Success of merino held up as example of how to boost languishing coarse wool – Gerard Hutching:

Rattle your dags” – that might be the call to Kiwi merino farmers following the news that the dags of the fine wool sheep are generating three times the price of quality strong wool fleece.

Higher quality regular fibre is selling up to a 700 per cent premium over coarse wool. The contrast could not be greater with the prices of coarse wool fleeces tumbling over the past 12 months, and a lot of wool not being sold has been put into storage until the industry picks up again.

Coarse wool exports fell 28 per cent to $550 million to the year to June as a lack of demand from China weighed on prices.

But New Zealand Merino (NZM) is starting to put a focus on coarse wool and using its marketing nous to turn the industry around. . . 

Streamlining NAIT comes with tougher compliance approach:

Federated Farmers is pleased that moves to streamline the National Animal Identification and Tracing Scheme (NAIT) process are coming in tandem with a tougher approach on non-compliance.

Agriculture and Biosecurity Minister Damien O’Connor has indicated after nearly five years of educating farmers about the importance of NAIT for biosecurity and food traceability, those who continue to ignore their obligations would face prosecution and fines of up to $10,000. . . 

Grant awarded to Paeroa company to study nutritional needs of bees:

It may well be the biggest thing to come out of Paeroa since L&P. 

Paeroa-based biostimulant company AgriSea NZ Seaweed Ltd has just been awarded a project grant from Callaghan Innovation for $74,000. The grant will go towards research and development of their bioactive products and the nutritional needs of honey bees. 

“This grant recognises the innovation happening at AgriSea and will continue to grow our R&D capabilities,” said Agrisea general manager Tane Bradley. “To date there is limited scientific data around the nutritional needs of the honey bee so this is really important.”  . . 

OIO considers $105.5 mln buyout of Harvard dairy farms – Sophie Boot:

(BusinessDesk) – The Overseas Investment Office is considering the sale of Harvard University’s 5,500-head dairy farms in the South Island to a Singapore-based investor.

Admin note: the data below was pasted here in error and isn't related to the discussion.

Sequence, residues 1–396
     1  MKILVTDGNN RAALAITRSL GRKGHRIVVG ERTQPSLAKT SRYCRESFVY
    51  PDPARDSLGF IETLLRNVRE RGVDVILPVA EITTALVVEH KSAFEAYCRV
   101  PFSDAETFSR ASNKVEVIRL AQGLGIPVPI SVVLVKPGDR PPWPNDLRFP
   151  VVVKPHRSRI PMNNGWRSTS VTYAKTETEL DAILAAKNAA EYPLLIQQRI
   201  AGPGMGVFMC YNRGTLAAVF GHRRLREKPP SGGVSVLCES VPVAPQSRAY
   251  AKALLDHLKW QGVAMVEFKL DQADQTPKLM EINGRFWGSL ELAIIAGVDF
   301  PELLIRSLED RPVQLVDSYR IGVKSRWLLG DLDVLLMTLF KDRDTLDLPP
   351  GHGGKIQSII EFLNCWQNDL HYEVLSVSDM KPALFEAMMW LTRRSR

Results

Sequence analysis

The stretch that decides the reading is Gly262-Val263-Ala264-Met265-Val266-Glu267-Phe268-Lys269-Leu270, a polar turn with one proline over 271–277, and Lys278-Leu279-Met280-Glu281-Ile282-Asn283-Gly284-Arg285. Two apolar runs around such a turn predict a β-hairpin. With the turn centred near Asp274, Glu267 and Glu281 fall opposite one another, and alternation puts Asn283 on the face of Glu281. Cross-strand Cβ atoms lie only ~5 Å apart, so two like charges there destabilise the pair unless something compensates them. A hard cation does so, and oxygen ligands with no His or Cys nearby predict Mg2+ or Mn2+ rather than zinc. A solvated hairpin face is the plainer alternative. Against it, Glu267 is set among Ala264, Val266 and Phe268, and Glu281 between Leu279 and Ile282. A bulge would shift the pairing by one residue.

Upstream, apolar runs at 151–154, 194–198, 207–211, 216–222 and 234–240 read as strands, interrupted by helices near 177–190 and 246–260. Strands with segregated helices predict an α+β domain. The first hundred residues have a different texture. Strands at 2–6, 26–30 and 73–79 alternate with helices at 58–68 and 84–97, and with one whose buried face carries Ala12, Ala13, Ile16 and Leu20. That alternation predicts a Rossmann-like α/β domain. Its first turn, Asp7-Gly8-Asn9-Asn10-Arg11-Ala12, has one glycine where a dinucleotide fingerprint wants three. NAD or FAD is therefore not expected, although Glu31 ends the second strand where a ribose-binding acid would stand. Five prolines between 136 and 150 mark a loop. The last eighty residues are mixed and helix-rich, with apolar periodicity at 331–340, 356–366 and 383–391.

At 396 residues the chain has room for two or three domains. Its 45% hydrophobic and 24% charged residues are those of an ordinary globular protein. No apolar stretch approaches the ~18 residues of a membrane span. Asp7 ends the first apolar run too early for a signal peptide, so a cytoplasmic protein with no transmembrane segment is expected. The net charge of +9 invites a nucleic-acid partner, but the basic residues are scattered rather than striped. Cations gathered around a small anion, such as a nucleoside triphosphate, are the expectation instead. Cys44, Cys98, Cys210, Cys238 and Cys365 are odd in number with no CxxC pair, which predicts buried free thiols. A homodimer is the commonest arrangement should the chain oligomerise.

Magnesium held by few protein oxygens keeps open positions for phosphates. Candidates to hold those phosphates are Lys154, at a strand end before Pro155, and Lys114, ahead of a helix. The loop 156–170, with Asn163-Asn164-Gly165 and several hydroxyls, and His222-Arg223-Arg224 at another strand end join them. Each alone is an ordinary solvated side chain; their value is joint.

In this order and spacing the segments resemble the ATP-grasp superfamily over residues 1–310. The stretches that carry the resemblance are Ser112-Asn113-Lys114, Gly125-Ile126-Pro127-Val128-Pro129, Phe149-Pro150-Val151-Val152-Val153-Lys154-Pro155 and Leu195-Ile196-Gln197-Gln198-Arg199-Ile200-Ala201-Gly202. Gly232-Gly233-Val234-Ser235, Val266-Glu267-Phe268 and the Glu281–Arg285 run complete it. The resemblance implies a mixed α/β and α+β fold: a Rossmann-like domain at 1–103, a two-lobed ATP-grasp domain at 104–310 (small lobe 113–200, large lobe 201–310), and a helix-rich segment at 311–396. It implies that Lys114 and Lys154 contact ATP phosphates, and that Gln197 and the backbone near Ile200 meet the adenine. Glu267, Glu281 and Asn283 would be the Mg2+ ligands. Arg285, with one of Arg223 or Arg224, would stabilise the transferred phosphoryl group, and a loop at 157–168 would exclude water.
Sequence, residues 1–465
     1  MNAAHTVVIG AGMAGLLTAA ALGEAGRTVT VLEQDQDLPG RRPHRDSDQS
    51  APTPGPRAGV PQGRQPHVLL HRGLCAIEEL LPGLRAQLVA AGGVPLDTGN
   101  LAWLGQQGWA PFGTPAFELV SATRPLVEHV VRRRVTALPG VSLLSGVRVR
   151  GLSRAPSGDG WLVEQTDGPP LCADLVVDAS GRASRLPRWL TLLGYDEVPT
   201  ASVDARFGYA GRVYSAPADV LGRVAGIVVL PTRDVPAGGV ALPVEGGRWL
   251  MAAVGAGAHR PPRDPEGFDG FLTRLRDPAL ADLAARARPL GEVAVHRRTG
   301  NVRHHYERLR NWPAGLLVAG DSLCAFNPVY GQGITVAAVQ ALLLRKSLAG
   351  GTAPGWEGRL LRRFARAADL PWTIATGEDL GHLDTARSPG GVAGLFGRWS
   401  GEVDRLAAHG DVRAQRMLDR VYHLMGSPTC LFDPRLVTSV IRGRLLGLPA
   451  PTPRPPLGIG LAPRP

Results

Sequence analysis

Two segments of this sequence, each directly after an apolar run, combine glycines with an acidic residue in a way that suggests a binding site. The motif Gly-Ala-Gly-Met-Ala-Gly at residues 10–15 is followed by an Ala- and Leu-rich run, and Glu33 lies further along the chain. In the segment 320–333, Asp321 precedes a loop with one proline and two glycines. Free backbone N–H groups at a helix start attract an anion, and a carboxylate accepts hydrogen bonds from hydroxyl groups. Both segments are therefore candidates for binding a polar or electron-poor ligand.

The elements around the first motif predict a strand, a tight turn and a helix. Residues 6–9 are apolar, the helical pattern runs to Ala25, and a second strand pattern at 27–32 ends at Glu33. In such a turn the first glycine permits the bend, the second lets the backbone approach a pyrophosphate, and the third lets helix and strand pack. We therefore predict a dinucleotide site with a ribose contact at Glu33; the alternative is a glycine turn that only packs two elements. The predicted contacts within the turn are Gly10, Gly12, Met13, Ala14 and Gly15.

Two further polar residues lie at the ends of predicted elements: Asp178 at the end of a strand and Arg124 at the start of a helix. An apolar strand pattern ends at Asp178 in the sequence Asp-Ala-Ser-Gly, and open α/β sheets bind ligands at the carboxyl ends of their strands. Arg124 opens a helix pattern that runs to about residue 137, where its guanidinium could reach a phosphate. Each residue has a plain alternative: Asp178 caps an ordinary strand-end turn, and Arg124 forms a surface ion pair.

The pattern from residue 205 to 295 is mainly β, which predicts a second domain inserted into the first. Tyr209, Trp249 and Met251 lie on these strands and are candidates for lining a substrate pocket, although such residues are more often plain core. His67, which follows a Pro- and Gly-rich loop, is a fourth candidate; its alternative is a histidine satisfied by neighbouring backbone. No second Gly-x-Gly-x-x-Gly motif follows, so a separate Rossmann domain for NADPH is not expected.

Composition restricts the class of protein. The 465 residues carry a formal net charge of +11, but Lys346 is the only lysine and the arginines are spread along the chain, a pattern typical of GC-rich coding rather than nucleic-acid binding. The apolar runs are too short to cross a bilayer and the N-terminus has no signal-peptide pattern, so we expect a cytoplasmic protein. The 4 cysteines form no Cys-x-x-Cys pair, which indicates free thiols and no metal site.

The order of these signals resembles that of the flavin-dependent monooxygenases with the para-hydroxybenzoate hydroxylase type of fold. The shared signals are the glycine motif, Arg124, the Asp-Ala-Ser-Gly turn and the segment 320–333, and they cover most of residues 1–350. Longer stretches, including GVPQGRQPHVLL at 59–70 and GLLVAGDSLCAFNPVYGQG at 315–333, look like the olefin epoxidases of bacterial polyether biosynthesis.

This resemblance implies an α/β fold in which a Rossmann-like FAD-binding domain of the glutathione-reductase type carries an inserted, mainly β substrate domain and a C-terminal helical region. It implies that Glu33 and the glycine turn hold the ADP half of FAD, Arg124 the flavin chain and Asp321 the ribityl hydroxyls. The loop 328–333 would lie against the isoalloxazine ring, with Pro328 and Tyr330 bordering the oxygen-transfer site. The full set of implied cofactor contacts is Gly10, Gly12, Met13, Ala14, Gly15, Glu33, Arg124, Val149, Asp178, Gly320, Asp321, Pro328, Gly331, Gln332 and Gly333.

Accounts for the dairy farms filed with New Zealand’s Companies Office show that it entered into an agreement to sell its business assets to WHL Otago Operations on May 31, and the sale was now pending OIO approval but the settlement was expected by June 2018. The accounts show that the expected realisation value of all the company’s assets, after the cost of selling, was calculated to be $105.5 million as at June 30, 2017. . . 

Westland Milk Products completes leadership revitalisation:

Westland Milk Products Chief Executive Toni Brendish has completed her revitalisation of the dairy co-operative’s Executive Leadership Team, with the appointment of Jeffrey Goodwin to the role of General Manager, Sales.

Goodwin came to Westland from his role as Vice-President, Global Operations, for James Farrell & Co, which represents United States-based manufacturers in the export of their ingredients and finished goods.

“Jeffrey’s experience in food and ingredients sales is global in scale,” Brendish said, “with a record of success in South East Asia, Japan, China and the United States (among others). . . 

‘Green window dressing’: EU criticised for wasting billions on green farming subsidies:

Attempts to ‘green’ EU farm policy did not lead to any significant increase in environmentally-sound farming practices – despite countries spending a huge chunk of the EU’s annual budget on the scheme.

The UK’s net contribution of £8.6billion from last year went towards the project, but a European Court of Auditors report shows just 5 percent of the EU’s farmland benefited from the scheme.

The auditors found that the new payments added more complexity to the system but had led to changed farming practices on only about five per cent of EU farmland. . . 

Livestock to help offset big fall in grain production – Brad Thompson:

The farm sector appears fundamentally strong following a record year for farm production in Australia, Rabobank says, anticipating a weaker Australian dollar and strong livestock prices will bolster returns for most farmers next year.

Rabobank’s head of research in Australia and New Zealand, Tim Hunt, said Federal forecaster ABARES’ expectation of a 7 per cent fall in the value of gross production reflected less favourable weather conditions for grain growing after a record harvest last year.

“That is a climate story rather than a structural story, as in we are not back into industry decline we have just had a bad grain season,” he said. . . 

Moving beyond the green revolution in Africa’s new era of hunger – Calestous Juma:

A quarter of the world’s hungry people are in sub-Saharan Africa and the numbers are growing. Between 2015 and 2016, the number of hungry – those in distress and unable to access enough calories for a healthy and productive life – grew from 20.8% to 22.7%. The number of undernourished rose from 200 million to 224 million out of a total populationof 1.2 billion.

Conflict, poverty, environmental disruptions and a growing population all contribute to the region’s inability to feed itself.

To tackle hunger, the continent needs to find new, integrated approaches. These approaches – discussed at a recent Harvard conference – must increase crop yield, enhance the nutritional content of people’s diets, improve people’s health and promote sustainability. . .